Let’s say your business is ecommerce based, analyzing user behaviors can help you:
- - Improve the onboarding process
- - Drive retention for paying customers
- - Increase checkout funnel conversion
- - Minimize abandoned carts
Bottom line — the metrics you choose will depend on the objectives you have, so before you decide what metrics to track, you need to define your goals.
3. Be Flexible
Once you have your goal and the right metrics, the next step is to remain flexible.
In the real world, that means you must focus on your short term goals without getting locked into processes and measurement methods that may not scale or change with you as you grow.
As your product and user base grow, you’ll have to iterate on which customer behaviors you’re measuring to reflect on the ever changing goals and challenges you’re trying to solve for.
4. Iterate the Process
Goals and metrics are defined, you’ve left room to scale, and now you’re prepared to iterate the process.
Insight into customer events helps you understand what users care about the most, where you can double down on user action, and when it’s time to build new features.
The best way to collect and use behavior analytics is to follow four steps.
- Identify a goal and the metrics and begin data collection.
- Analyze the data to determine the next thing you can work on for your product.
- Make that change.
- Measure the result.
- Iterate the process all over again.
Behavioral Analytics and Freshpaint: Next Steps
At Freshpaint, we believe that the future of customer behavioral data is a world where people who don't write code can use a mouse to set up their event tracking and easily connect that data to the tools in their tech stack.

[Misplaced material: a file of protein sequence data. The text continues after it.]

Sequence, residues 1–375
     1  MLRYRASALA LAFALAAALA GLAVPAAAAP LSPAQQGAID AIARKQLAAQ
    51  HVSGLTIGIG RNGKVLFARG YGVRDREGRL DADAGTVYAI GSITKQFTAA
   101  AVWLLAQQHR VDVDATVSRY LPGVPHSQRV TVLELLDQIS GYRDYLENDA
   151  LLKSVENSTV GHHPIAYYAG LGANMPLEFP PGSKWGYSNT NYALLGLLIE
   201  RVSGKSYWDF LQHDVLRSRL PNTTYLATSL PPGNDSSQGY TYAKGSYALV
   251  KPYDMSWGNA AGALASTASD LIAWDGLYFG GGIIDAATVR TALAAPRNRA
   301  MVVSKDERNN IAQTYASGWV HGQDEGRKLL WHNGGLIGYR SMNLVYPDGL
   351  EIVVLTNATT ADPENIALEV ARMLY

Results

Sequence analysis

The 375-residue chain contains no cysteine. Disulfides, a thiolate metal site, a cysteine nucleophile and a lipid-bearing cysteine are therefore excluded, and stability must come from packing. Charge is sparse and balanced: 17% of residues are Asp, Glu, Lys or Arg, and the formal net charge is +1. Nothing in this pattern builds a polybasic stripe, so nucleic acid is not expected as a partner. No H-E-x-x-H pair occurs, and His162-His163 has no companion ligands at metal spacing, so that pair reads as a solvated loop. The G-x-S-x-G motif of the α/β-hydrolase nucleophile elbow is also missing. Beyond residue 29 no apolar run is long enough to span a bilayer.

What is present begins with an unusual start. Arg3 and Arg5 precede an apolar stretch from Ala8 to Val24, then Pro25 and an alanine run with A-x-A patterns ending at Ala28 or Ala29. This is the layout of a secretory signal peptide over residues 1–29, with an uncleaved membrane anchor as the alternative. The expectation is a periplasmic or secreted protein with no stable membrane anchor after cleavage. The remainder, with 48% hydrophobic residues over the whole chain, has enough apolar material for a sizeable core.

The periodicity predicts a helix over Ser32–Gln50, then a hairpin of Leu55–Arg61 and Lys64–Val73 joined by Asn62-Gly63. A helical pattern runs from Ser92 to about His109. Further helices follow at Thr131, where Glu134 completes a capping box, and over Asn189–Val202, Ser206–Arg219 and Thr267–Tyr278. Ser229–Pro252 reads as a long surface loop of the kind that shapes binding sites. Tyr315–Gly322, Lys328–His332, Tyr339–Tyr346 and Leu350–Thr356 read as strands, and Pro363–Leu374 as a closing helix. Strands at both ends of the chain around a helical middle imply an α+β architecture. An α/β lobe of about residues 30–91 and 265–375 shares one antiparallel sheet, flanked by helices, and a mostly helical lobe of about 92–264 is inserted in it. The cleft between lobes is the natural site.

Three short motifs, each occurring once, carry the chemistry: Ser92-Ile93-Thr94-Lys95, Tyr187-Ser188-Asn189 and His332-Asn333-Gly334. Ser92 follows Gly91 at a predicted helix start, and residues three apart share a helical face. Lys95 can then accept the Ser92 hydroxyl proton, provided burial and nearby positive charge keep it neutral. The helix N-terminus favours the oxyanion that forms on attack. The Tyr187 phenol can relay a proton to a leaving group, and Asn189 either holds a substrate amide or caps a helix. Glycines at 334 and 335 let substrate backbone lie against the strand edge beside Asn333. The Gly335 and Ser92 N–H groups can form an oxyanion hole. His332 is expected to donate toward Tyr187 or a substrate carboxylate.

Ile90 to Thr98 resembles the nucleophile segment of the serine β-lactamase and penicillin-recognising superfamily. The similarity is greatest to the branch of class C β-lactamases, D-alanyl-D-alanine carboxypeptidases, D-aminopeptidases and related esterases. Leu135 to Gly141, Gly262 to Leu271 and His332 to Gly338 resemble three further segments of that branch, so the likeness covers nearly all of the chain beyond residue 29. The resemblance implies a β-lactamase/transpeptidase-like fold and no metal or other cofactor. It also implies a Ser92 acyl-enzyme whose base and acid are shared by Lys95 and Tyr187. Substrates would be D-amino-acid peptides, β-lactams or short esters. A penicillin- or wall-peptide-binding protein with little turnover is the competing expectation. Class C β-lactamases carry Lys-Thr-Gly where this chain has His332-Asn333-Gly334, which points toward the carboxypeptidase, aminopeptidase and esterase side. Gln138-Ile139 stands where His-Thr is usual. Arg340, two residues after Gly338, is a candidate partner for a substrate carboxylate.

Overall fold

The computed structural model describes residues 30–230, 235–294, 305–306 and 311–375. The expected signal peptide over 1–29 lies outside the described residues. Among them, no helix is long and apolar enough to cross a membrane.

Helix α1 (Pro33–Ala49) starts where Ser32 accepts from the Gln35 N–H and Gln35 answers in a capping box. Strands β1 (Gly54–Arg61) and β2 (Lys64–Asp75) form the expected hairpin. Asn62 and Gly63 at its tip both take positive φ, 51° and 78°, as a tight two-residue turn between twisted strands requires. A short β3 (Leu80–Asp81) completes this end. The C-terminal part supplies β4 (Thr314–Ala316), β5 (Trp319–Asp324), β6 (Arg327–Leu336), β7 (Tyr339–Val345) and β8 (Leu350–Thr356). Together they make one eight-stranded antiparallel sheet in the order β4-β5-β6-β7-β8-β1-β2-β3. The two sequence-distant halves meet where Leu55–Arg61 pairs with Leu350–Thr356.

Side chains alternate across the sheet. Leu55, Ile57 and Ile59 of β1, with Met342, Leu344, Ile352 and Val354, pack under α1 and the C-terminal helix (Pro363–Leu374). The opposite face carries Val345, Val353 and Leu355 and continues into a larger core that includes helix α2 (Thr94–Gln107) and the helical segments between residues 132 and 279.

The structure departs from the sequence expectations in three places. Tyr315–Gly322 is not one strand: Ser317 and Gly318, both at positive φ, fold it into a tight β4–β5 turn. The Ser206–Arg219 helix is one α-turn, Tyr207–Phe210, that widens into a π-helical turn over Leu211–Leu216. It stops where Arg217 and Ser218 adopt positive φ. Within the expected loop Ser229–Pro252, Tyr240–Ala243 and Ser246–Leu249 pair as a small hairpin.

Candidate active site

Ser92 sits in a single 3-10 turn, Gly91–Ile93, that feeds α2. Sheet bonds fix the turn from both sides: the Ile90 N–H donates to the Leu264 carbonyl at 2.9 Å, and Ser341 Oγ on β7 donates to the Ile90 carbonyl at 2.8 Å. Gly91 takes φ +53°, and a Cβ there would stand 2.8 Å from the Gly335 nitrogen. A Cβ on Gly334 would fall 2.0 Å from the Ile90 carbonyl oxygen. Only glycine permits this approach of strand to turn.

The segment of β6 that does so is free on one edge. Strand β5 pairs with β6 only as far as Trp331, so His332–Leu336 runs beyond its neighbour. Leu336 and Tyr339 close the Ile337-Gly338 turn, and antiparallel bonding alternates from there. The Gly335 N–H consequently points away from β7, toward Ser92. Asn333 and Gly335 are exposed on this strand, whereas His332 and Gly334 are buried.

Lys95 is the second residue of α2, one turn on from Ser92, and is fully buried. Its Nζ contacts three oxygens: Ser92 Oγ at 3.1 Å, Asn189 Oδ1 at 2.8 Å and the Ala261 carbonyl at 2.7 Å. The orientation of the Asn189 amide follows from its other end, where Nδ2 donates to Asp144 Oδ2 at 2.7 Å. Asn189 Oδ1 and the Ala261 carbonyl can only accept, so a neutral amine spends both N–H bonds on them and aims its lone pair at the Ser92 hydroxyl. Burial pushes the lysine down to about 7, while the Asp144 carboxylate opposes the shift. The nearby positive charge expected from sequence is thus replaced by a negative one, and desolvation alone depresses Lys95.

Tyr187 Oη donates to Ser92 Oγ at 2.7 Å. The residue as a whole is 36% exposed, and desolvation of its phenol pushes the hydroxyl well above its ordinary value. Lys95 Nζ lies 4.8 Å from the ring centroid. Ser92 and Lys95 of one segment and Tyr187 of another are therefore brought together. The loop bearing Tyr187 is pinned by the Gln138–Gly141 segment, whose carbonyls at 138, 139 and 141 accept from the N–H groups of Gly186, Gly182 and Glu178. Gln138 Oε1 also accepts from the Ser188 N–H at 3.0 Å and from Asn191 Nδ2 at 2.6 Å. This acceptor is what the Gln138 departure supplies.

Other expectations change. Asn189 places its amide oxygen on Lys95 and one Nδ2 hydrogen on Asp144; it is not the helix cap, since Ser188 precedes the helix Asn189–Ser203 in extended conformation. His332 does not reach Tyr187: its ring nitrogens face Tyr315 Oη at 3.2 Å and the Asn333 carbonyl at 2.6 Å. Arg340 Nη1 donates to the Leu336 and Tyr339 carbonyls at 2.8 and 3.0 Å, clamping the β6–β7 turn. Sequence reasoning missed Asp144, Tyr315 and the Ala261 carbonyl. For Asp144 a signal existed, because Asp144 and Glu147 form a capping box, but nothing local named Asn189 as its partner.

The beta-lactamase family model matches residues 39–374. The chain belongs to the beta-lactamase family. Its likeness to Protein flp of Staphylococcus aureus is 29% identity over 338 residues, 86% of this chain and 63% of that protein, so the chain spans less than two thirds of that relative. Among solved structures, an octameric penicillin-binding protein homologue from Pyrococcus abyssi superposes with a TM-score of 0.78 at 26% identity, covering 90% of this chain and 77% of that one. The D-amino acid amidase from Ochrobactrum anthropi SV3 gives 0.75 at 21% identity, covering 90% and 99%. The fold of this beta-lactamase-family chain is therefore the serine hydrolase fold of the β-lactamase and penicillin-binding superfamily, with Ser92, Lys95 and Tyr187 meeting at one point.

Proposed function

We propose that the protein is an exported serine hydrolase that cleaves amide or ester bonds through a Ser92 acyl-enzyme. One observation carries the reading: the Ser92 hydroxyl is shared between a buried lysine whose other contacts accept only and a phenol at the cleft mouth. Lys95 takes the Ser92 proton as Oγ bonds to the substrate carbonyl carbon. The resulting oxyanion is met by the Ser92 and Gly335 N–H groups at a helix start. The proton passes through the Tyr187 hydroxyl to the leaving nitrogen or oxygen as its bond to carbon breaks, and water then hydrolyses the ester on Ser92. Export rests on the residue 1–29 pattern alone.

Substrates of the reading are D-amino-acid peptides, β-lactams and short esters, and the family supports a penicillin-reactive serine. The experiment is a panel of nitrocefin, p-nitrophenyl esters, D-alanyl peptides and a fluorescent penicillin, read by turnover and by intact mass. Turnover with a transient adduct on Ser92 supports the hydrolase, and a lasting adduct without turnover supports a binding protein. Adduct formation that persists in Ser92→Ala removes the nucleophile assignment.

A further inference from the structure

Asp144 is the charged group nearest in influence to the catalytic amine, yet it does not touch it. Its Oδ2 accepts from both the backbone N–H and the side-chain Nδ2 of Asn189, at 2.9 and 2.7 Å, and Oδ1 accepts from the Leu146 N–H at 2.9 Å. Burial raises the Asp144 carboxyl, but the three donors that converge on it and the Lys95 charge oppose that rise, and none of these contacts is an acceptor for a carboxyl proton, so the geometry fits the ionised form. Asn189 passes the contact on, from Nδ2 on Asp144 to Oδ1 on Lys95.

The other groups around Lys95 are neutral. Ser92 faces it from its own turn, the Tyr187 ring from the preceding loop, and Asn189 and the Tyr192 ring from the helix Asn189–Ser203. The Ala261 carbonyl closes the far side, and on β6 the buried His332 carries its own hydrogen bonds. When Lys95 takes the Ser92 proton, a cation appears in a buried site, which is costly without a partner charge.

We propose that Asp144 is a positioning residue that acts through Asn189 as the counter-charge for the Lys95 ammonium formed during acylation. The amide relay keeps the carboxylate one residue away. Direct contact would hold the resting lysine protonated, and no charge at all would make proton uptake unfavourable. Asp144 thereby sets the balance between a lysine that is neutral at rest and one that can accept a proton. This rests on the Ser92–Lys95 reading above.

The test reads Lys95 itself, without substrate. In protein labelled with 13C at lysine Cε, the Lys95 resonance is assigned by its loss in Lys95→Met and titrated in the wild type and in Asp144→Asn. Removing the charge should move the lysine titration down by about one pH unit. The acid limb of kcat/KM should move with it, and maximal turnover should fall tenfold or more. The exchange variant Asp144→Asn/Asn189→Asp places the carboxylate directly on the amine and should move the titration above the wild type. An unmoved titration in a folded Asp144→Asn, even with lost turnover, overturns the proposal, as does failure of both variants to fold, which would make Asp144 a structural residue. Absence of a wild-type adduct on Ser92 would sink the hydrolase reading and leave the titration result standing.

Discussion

Freshpaint’s Customer Data Platform (CDP) automatically captures user actions and sends the data to more than 100 business tools. This helps you get insights into user behaviors faster, make data-driven decisions, and offer excellent customer experiences.
With Freshpaint, you can instrument your site without writing a single line of code. Once installed, Freshpaint automatically captures page views and clicks across your product and site.
Added benefits to using Freshpaint are:
- It scales: As an analytics platform and solution, it can scale with you. Freshpaint delivers lifetime value that is future-proof because it not only helps you get data faster by automatically tracking actions across your product and site, but as your analytics stack matures you still have the option to precision track events. Freshpaint is a data infrastructure that frees up your engineers to focus on core product tasks, your product managers to focus on making informed decisions, and your marketing teams to focus on delivering timely touchpoints. Freshpaint is a solution that helps you move faster.
- It’s HIPAA compliant: For health tech companies concerned with HIPAA compliance, Freshpaint can help. Signing a BAA (business associate agreement) with Freshpaint saves the time and money of signing a BAA with every vendor in your tech stack because Freshpaint has a complete toolset to help you manage PHI.